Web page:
Homebuilder confidence has hit a wall, according to March's National Association of Home Builders (NAHB)/Wells Fargo Housing Market Index report, released today. 

After cold weather and supply constraints pushed February's reading down to a lowly 46 points, March's 47 points aren't anything to write home about. Analysts had been hoping for a significantly stronger comeback to 50. 

Any number over 50 indicates that more builders view sales conditions as good than poor, a point reached for the first time since April 2006 in June. The survey looks at builder confidence in newly built single-family homes. This latest report keeps confidence in contraction territory, a potentially troubling sign for the housing market.

"The March HMI mirrors last month's sentiment, as builders continued to be affected by poor weather and difficulties in finding lots and labor," said NAHB Chairman Kevin Kelly in a statement today.

Digging deeper into components, current sales conditions increased one point to 52, prospective buyer traffic increased two points to 33, and future sales expectations for the next six months dipped one point to 53.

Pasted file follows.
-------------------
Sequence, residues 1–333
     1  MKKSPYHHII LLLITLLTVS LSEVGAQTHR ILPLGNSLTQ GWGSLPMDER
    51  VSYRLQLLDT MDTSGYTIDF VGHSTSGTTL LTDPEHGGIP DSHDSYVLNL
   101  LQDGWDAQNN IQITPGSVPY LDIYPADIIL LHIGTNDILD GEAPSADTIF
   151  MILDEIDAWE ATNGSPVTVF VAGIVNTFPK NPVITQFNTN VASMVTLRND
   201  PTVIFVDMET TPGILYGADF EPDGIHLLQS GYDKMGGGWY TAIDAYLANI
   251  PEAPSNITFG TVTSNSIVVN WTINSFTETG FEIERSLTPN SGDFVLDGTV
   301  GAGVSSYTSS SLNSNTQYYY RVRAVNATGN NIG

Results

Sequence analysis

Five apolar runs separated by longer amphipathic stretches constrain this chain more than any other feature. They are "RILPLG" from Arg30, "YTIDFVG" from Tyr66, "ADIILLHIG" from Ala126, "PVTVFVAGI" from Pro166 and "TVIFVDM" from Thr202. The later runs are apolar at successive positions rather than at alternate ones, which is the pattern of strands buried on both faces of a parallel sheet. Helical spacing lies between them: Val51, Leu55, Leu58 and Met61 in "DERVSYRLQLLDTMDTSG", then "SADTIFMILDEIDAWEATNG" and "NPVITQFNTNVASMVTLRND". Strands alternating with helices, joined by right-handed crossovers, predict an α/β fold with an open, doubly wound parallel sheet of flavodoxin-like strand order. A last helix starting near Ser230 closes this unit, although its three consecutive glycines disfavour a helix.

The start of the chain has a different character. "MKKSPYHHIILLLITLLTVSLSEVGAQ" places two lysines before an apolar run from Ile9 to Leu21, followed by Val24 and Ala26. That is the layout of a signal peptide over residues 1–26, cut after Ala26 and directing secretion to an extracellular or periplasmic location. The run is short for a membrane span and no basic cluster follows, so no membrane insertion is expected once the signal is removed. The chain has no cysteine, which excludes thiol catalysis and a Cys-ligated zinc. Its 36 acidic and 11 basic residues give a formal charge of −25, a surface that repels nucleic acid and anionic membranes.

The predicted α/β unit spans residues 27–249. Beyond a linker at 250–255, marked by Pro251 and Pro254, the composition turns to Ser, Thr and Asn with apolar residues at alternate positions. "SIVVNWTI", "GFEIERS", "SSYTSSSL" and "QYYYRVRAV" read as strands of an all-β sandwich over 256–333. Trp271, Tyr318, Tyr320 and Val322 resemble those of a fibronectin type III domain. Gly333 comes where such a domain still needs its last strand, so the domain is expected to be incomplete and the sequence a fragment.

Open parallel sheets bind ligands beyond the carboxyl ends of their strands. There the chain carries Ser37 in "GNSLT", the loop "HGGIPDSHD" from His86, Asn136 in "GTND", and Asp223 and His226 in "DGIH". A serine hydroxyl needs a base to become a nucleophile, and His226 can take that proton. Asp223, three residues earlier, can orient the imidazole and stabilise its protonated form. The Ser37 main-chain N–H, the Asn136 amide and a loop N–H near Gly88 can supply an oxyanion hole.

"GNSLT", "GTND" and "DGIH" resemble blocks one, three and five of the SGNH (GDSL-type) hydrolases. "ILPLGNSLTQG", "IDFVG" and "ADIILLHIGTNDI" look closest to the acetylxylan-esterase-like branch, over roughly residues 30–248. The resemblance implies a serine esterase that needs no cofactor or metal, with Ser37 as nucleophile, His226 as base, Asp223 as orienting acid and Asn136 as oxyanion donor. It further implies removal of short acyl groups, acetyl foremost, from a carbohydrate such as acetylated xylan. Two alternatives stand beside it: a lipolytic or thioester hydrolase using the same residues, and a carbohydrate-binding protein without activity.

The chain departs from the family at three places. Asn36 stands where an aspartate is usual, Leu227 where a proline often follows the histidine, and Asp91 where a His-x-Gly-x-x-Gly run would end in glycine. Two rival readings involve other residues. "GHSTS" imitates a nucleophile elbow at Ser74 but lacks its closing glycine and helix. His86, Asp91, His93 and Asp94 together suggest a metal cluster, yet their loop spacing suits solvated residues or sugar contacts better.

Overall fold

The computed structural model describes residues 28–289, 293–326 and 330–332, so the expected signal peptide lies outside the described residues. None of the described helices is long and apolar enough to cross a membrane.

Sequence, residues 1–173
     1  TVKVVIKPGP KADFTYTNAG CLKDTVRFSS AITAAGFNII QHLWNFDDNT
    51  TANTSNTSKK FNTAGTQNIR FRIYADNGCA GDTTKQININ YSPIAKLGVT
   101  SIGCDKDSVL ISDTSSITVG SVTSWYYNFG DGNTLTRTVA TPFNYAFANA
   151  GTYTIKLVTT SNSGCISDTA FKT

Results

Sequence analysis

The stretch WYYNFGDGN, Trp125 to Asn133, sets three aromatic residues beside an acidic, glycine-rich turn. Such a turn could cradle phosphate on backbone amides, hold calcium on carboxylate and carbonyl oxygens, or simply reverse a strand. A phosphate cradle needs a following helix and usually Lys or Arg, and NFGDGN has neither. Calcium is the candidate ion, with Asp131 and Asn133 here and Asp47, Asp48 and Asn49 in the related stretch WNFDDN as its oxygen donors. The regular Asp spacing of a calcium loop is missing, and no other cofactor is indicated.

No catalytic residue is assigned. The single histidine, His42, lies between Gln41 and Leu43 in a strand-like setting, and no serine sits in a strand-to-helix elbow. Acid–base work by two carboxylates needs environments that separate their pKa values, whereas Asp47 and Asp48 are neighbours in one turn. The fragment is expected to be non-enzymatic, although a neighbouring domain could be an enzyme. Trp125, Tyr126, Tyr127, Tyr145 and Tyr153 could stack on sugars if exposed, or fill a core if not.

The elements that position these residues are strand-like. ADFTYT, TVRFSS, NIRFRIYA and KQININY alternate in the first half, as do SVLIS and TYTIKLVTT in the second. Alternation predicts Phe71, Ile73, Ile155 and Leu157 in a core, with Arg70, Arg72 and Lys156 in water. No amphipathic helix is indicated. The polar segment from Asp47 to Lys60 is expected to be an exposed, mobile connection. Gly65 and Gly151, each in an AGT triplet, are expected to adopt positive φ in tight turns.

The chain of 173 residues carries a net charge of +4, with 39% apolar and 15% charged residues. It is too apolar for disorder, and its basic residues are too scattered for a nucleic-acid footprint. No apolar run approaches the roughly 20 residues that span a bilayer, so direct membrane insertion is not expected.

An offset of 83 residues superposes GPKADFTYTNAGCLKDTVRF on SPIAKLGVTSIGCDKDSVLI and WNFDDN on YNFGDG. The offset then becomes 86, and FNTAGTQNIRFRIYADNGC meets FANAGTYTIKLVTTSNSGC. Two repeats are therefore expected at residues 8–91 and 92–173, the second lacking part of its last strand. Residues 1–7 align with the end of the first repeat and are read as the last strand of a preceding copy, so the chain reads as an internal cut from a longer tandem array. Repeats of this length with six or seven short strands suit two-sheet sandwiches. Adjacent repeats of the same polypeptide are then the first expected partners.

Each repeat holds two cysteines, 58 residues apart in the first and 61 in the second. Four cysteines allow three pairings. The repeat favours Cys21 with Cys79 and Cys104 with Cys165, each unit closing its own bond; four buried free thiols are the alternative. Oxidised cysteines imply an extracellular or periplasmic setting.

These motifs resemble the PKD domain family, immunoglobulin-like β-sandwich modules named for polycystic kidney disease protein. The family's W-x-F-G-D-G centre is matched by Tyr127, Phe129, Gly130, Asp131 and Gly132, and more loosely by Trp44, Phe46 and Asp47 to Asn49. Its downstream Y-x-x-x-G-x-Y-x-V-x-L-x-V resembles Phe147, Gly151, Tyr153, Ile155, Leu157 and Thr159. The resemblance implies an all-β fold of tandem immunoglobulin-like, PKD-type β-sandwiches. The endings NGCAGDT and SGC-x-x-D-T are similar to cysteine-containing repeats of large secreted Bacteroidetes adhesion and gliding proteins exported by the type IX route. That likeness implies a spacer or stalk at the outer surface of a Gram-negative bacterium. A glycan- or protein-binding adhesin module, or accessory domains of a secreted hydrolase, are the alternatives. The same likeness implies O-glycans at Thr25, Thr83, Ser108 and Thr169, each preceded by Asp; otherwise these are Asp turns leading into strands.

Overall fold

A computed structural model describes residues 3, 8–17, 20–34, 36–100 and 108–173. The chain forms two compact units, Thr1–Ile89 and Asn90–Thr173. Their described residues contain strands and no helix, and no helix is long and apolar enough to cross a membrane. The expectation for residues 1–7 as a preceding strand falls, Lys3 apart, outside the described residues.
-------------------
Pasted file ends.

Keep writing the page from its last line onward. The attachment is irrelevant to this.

In a statement NAHB Chief Economist David Crowe said there are several reasons for the continued slump:

A number of factors are raising builder concerns over meeting demand for the spring buying season. These include a shortage of buildable lots and skilled workers, rising materials prices and an extremely low inventory of new homes for sale.

The overall index had been above 50 from June through January, reflecting a strengthening housing market. The latest reading, based on responses from 296 builders, comes as the spring home-selling season gets going. The season typically sets the pattern for residential hiring and building construction in the ensuing months.

-- Material from The Associated Press was used in this report.


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